Of course, steel is more costly, so it’s best to reserve this form for when you need it.
The amount of time you should wait before removing your concrete forms is different for every project.
Here are some of the factors that affect curing times:
Let’s discuss these factors:
Frozen concrete will not dry, so if you are working in extremely cold weather, the curing process will take longer.
Rain also affects drying time, especially during the first few days when the air is still moist.
Heat aids the curing of concrete, but extreme heat can cause cracking. This can be prevented by using tarps or barriers to trap moisture.
Different types of concrete have varying drying times and reactions to outside factors.
There are five basic types of cement:
Each of these categories has subcategories with different uses and drying times.
The grade of cement used also affects drying times. We’ll discuss this more in the next section.
Larger sections gain strength faster due to the compaction of the weight of the concrete itself.
So, the structure’s size determines when the form is ready to be removed.
The removal of concrete forms is known as “striking-off” or “stripping off” the forms.
According to the American Concrete Institute (ACI 308), the drying times for each type of concrete are as follows:
According to the rules for Ordinary Portland Cement, these are the average drying times of various types of structures:
These drying times will differ for types 2, 3, 4, and 5.
Time is a critical issue in the construction process. If you are pressed for time, there are a few ways to speed up the drying process.
Here are some ideas:
Let’s talk about these ideas:
Admixtures can be created by adding certain chemicals or additives to the cement mixture to speed up the drying times.
Calcium chloride and silica fume are two such additives.
When weather conditions are causing an issue, you can use weather-resistant barriers to speed up the concrete drying process.
Plastic sheeting is good for trapping moisture when the temperature is high and protecting the form from rain.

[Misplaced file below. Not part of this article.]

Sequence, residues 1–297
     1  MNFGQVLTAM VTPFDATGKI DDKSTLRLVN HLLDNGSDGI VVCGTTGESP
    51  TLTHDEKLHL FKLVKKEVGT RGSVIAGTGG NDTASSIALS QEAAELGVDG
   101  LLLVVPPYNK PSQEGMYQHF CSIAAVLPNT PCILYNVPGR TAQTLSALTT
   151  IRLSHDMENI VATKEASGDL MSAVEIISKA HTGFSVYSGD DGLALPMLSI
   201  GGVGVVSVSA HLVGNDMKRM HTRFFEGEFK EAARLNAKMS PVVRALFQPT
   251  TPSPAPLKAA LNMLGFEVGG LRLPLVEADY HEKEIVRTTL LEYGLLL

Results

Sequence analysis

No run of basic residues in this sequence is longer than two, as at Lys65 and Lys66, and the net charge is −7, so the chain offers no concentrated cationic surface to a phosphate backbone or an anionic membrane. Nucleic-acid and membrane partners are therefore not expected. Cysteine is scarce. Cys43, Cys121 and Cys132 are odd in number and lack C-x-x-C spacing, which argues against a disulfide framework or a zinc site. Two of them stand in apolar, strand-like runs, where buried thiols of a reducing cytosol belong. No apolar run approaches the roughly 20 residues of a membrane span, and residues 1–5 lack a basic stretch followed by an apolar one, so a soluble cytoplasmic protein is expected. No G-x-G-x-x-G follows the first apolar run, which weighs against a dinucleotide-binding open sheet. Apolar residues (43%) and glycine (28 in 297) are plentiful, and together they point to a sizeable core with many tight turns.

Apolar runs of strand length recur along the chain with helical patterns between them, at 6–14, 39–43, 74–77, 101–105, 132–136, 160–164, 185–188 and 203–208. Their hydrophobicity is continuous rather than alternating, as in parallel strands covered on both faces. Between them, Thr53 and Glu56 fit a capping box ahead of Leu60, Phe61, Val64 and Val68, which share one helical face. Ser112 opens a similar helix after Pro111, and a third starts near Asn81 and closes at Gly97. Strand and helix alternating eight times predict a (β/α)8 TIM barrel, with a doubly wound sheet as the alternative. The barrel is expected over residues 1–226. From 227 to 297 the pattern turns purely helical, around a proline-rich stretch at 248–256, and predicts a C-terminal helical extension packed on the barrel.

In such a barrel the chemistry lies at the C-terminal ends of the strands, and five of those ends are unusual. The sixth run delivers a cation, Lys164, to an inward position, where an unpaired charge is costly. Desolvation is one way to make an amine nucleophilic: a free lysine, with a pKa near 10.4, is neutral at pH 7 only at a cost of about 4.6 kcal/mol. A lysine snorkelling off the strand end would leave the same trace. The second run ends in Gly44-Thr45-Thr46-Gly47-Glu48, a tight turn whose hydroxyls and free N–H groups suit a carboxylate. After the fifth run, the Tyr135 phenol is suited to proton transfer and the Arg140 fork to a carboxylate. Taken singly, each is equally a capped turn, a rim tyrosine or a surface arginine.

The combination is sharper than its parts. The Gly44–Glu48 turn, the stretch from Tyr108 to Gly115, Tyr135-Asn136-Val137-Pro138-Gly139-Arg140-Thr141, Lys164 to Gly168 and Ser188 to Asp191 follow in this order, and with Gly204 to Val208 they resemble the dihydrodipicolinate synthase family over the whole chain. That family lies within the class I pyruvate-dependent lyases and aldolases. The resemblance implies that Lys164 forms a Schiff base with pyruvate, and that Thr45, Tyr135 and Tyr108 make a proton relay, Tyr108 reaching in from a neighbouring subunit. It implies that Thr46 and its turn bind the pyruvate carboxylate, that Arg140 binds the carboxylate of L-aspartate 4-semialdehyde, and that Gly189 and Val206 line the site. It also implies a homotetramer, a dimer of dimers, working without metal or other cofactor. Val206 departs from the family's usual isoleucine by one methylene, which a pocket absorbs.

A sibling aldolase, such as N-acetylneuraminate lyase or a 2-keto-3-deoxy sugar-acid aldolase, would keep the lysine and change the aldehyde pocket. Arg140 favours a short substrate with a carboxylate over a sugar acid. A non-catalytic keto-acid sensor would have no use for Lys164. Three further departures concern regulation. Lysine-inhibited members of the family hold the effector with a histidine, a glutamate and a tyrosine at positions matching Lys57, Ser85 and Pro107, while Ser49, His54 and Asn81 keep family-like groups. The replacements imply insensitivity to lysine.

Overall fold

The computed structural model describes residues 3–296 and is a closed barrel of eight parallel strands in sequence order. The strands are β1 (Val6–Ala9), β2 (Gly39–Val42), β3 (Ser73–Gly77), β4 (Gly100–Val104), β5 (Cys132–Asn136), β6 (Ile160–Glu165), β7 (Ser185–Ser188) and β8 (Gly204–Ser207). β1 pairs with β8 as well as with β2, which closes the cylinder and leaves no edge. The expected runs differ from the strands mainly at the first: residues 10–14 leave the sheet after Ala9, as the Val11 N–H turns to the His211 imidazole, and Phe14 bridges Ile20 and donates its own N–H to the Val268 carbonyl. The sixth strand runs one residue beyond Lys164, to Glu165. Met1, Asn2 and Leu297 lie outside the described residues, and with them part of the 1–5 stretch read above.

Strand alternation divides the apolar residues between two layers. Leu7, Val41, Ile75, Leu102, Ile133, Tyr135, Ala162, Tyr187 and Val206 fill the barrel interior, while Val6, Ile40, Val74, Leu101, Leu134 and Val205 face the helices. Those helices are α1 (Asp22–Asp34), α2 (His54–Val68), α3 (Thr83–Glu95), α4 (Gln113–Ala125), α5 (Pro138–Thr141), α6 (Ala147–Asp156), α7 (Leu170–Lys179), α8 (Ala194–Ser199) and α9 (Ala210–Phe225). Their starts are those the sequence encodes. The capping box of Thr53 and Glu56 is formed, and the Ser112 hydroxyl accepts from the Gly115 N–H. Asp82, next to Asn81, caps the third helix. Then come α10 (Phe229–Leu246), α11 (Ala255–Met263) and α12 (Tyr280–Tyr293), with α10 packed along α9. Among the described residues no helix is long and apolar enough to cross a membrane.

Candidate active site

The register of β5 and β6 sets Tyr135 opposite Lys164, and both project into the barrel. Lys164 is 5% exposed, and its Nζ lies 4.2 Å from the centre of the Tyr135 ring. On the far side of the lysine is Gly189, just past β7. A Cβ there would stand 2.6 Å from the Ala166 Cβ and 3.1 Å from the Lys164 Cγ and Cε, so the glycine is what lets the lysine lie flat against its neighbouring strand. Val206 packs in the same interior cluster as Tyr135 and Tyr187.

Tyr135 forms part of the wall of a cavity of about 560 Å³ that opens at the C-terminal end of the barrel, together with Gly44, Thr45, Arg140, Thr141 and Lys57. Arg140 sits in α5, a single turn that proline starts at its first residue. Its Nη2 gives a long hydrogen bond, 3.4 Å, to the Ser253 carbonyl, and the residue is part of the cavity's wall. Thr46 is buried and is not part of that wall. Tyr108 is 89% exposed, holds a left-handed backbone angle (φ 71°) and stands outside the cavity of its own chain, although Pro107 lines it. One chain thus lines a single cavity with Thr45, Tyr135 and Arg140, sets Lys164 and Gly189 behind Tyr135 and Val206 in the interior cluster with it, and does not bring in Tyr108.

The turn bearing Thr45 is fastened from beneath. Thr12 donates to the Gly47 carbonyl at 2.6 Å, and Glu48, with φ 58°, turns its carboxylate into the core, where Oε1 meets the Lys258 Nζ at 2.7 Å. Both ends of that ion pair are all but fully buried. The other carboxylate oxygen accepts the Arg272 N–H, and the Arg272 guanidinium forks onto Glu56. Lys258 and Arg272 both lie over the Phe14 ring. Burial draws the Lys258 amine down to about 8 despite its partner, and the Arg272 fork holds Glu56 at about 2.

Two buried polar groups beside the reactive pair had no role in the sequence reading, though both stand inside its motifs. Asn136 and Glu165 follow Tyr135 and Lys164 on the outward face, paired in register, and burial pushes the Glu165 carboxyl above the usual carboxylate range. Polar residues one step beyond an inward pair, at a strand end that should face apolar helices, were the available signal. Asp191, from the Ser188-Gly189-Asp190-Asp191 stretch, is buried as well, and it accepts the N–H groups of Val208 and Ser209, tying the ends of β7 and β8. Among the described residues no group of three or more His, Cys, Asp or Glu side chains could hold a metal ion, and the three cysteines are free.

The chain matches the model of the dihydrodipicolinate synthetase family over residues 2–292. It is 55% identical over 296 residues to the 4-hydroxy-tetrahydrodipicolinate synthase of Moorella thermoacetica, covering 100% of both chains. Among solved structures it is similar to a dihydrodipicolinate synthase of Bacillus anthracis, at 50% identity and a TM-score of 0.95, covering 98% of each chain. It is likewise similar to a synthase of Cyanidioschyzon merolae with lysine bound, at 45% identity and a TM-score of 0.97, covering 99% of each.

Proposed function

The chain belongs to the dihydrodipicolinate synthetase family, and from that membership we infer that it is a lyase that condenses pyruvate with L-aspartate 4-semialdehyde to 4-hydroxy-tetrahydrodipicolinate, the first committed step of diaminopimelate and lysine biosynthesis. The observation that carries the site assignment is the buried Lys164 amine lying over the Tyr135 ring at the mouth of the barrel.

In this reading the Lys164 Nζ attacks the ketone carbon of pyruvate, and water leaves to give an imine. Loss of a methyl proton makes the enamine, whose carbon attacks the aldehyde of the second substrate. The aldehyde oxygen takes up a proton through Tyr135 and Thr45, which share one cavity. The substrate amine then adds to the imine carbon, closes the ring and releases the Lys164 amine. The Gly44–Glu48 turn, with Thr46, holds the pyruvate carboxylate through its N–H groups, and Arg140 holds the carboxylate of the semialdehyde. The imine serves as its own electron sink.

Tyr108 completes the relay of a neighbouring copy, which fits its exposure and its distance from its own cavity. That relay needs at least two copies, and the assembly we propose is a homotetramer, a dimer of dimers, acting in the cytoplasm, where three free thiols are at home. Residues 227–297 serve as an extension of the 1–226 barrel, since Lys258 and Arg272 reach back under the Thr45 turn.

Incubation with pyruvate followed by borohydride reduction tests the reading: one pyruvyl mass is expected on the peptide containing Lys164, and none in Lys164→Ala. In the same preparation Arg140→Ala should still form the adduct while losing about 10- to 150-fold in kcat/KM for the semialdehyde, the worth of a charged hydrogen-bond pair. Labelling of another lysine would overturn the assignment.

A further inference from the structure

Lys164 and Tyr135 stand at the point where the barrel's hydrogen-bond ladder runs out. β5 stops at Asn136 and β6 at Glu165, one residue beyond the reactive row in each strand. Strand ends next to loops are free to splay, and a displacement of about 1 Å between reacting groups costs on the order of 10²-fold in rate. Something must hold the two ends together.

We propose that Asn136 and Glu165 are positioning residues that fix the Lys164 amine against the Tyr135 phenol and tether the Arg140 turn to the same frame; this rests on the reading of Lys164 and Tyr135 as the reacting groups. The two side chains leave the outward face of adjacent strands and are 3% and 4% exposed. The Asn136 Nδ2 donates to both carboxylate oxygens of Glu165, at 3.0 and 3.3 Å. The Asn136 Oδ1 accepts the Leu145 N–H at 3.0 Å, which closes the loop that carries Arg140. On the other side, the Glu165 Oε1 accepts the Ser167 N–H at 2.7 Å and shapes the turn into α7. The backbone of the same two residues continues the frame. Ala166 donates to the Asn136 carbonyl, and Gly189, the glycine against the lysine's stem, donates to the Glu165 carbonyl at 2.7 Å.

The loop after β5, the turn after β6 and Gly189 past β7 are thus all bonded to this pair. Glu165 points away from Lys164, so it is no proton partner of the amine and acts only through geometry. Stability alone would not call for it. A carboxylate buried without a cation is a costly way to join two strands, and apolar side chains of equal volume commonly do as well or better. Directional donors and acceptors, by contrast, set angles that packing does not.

Insulation blankets help to prevent freezing when the temperature drops.
If the air is overly humid, dehumidification can also aid the drying process.
Desiccant dehumidifiers use a chemical reaction to draw moisture out of the air. This is best for use in an enclosed area where the chemicals won’t dissipate in the surrounding air.
Condensation dehumidifiers cool the air to drop the dew point, then soak up the humidity from that process.
Heating dehumidifiers heat the air, raising the dew point and drawing the moisture off the surface of the concrete.
Not only is timing critical in formwork removal, but the proper techniques should be used to maintain the structure’s integrity.
Learning formwork removal is easier when you understand some common but detrimental mistakes — and avoid those at all costs.
Here are a few common mistakes that you should avoid in your removal process:
When you jump the gun and remove your forms too early, you will not be pleased with the results.
Your structure can slump to one side or bulge at the bottom. Multiple cracks can occur because it is not ready to bear the weight of the concrete on top.
Worse still, the structure can collapse due to multiple factors weakening the project’s structural integrity.
Concrete forms are a crucial part of the concrete construction process, and the information in this guide will ensure that proper formwork is used.
With the use of proper formwork, projects will go much more smoothly. There will be no need to repair or redo any structures with new concrete.
This will save money and reduce the amount of time it takes to complete a project, keeping you within budget and on schedule.